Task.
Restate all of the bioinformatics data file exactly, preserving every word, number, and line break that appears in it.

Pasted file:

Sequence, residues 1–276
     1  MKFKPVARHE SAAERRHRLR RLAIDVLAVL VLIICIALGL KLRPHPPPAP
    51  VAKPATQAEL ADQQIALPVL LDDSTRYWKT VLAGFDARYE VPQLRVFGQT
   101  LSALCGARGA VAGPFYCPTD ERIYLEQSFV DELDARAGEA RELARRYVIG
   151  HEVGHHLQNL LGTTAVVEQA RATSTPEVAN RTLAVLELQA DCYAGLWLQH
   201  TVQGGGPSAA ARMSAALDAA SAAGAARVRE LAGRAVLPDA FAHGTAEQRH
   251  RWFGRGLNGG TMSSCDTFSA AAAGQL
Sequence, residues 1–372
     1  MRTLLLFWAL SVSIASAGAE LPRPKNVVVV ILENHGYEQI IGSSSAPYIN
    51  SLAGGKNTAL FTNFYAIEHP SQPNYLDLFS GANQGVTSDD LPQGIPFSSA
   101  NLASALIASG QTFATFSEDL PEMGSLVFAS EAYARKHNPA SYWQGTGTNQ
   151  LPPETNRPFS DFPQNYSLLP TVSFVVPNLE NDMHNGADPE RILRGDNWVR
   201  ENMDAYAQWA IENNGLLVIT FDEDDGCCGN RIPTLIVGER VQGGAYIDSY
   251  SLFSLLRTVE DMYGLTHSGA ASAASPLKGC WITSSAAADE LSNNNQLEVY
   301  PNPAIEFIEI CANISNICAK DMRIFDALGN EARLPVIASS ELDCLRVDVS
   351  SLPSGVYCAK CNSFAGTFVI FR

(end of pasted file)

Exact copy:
Sequence, residues 1–276
     1  MKFKPVARHE SAAERRHRLR RLAIDVLAVL VLIICIALGL KLRPHPPPAP
    51  VAKPATQAEL ADQQIALPVL LDDSTRYWKT VLAGFDARYE VPQLRVFGQT
   101  LSALCGARGA VAGPFYCPTD ERIYLEQSFV DELDARAGEA RELARRYVIG
   151  HEVGHHLQNL LGTTAVVEQA RATSTPEVAN RTLAVLELQA DCYAGLWLQH
   201  TVQGGGPSAA ARMSAALDAA SAAGAARVRE LAGRAVLPDA FAHGTAEQRH
   251  RWFGRGLNGG TMSSCDTFSA AAAGQL
Sequence, residues 1–372
     1  MRTLLLFWAL SVSIASAGAE LPRPKNVVVV ILENHGYEQI IGSSSAPYIN
    51  SLAGGKNTAL FTNFYAIEHP SQPNYLDLFS GANQGVTSDD LPQGIPFSSA
   101  NLASALIASG QTFATFSEDL PEMGSLVFAS EAYARKHNPA SYWQGTGTNQ
   151  LPPETNRPFS DFPQNYSLLP TVSFVVPNLE NDMHNGADPE RILRGDNWVR
   201  ENMDAYAQWA IENNGLLVIT FDEDDGCCGN RIPTLIVGER VQGGAYIDSY
   251  SLFSLLRTVE DMYGLTHSGA ASAASPLKGC WITSSAAADE LSNNNQLEVY
   301  PNPAIEFIEI CANISNICAK DMRIFDALGN EARLPVIASS ELDCLRVDVS
   351  SLPSGVYCAK CNSFAGTFVI FR